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‘Animal Kingdom’: Ellen Barkin Gets Incestuous in TNT’s New Drama

Executive producer Jonathan Lisco on the slightly creepy, definitely screwed-up family dynamic in his adaptation of the 2010 movie.

ANIMAL KINGDOM Scott Speedman & Ellen Barkin

TNT

Late in the second episode of TNT’s new drama “Animal Kingdom,” Ellen Barkin, who plays the family matriarch nicknamed “Smurf,” stares at out the window at her naked son, standing next to a swimming pool with his exposed butt shimmering in the moonlight.

Inappropriate? Absolutely. Executive producer Jonathan Lisco likes to use the term “emotional incest” to describe the mother/son dynamic at the heart of “Animal Kingdom,” which premieres Tuesday night on TNT.

Based on the 2010 Australian film that was written and directed by David Michôd, Lisco and fellow executive producer John Wells have focused on Barkin’s provocative character and the unhealthy hold she wields over her four dangerous sons.

READ MORE: Watch: It’s All About Family In New Trailer For TNT’s ‘Animal Kingdom’ TV Series

“You can imagine that she showered with one of these kids until he was 9 or 10 or 11,” Lisco told IndieWire. “She’s raised these guys with love, but also with some disturbingly leaky boundaries. She’s now infantilized these boys, even into adulthood, to the point where her house is still the honey pot. They are repelled by her affection, at the same time that they perversely crave it.”

Lisco said the Cody clan’s dysfunctional dynamic is what drew him to the series. “They would love to tell Smurf to go jump in a lake, but at the same time, they’ve been raised in such a way where her approval and her affection is so important to their identity that they’re having a hard to extricating themselves from the gravity of the hold that she has over them.”

ANIMAL KINGDOM Season 1

Scott Speedman, Shawn Hatosy, Ben Robson and Jake Weary play Barkin’s boys, hard-bodied criminals who also harbor an “addicting” and “conflicted” brotherhood. “We’re going to try and thwart the audience’s expectations about who’s good, who’s stable, and who’s actually the most moral in the show,” Lisco said. “We’re not apologizing at all for our characters. I’m not saying to lean forward and ever necessarily feel sorry for them, but if you do find yourself relating to them, I think that will be a great success, because you’ll catch yourself and you’ll have to remind yourself that this is indeed a family of thieves.”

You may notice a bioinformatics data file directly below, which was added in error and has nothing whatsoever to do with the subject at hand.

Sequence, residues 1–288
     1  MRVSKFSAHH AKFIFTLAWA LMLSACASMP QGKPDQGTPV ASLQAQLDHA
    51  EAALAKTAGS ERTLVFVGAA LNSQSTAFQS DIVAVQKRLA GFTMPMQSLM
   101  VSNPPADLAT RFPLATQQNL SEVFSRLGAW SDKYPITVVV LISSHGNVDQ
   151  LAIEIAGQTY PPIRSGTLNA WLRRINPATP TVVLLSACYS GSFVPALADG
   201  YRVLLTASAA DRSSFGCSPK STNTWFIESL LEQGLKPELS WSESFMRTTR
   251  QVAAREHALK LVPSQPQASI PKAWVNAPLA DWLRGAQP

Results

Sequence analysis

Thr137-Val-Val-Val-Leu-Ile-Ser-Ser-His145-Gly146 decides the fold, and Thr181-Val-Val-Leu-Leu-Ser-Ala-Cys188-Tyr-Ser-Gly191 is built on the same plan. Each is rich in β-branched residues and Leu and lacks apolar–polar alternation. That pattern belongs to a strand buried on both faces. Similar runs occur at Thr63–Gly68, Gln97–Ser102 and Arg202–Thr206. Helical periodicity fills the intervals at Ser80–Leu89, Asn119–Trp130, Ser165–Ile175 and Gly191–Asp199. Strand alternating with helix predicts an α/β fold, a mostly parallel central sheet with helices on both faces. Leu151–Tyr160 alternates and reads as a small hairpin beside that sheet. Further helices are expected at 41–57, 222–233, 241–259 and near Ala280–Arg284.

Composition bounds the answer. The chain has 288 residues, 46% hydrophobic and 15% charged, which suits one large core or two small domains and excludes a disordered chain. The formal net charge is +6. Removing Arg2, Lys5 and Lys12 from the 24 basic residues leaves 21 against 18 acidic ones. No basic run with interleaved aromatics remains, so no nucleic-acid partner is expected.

READ MORE: ‘Animal Kingdom’ Review Roundup

The audience’s entry point is through teenager “J” (Finn Cole), who moves in with the Cody family after his mother – Smurf’s estranged daughter – dies of an overdose. But even “J” may not be who he seems. “He’s actually not purely innocent,” Lisco said. “Don’t forget, he is the son of an ex-communicated member of this family, so this is in his blood. We want to see how he evolves morally and whether or not he’s going to take things into his own hands.”

ANIMAL KINGDOM Season 1 Finn Cole

Like many film adaptations, Lisco said he wanted to take the original DNA of “Animal Kingdom” and expand it: “Anyone who’s seen David Michôd’s memorable film knows that it’s not just about a family of bank robbers who pull jobs and run from the cops… [We’re not] trying to sensationalize or try to do any ‘TV-fied’ version of the movie.”

Also, Lisco added that the TV show “can’t really follow the plot of the feature film because, spoiler alert: our cast will be pretty decimated way too soon if you follow the plot line of the movie. What we’re going to do is, we hope, go brick by brick and look at character in a much more nuanced way.”

Lisco and his writing team have already mapped out “Animal Kingdom’s” character paths for Season 1 and the first half of Season 2. “And even some bigger notions for where we land in season 3,” he added.

Now set in Oceanside, Calif., north of San Diego, “Animal Kingdom’s” plot will include elements of the law enforcement and the threat of the Cody family’s capture. But the show’s initial 10-episode first season is really about the family – and, specifically, Smurf’s origins story.

“We have a whole backstory for her in which she was living in a car with her mother when she was young, and she saw her mom essentially not need men,” Lisco said. “The mother raised Smurf with the sense that men were gullible idiots, and so when she started to mature, she decided to use her sexuality in ways that would control her own life. And what better way to do that than to supplant the men in her life in some ways with people that she could forge out of her own loins and kick the fathers to the curb?”

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